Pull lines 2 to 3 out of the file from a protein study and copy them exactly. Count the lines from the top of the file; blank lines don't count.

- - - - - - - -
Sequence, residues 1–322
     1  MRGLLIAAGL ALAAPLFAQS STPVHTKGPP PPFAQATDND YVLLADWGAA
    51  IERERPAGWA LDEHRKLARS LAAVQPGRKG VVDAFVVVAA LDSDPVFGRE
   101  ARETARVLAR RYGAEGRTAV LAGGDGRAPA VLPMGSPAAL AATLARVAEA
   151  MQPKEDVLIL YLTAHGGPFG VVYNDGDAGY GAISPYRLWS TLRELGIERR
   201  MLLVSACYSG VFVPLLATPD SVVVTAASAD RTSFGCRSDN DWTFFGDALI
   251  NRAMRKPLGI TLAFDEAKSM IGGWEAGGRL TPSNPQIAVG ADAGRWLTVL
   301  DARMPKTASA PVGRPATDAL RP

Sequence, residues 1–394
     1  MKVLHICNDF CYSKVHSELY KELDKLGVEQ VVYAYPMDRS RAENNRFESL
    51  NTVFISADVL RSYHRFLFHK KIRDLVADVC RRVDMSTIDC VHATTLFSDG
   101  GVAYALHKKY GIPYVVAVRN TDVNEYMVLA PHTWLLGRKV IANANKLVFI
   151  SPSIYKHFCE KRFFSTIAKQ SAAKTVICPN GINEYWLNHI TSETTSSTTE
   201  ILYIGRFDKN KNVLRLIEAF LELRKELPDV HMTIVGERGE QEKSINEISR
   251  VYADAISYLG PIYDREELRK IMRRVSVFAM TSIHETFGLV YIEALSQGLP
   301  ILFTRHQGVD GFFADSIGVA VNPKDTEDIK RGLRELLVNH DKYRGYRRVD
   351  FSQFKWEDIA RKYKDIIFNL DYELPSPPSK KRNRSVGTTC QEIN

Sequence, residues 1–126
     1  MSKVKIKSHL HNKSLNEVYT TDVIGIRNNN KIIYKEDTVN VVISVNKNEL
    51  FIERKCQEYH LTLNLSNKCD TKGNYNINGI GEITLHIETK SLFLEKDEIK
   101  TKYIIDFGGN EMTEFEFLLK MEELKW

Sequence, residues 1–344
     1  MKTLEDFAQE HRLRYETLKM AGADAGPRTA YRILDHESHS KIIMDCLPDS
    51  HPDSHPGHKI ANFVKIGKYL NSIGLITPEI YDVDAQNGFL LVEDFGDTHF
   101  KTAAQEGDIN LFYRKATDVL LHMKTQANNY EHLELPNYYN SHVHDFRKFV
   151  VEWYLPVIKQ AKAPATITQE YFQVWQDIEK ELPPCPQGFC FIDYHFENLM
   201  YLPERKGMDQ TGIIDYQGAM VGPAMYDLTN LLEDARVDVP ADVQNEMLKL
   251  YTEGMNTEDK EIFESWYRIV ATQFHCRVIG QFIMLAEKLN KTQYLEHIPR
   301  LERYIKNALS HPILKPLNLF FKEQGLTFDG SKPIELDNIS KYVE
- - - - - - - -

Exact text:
     1  MRGLLIAAGL ALAAPLFAQS STPVHTKGPP PPFAQATDND YVLLADWGAA
    51  IERERPAGWA LDEHRKLARS LAAVQPGRKG VVDAFVVVAA LDSDPVFGRE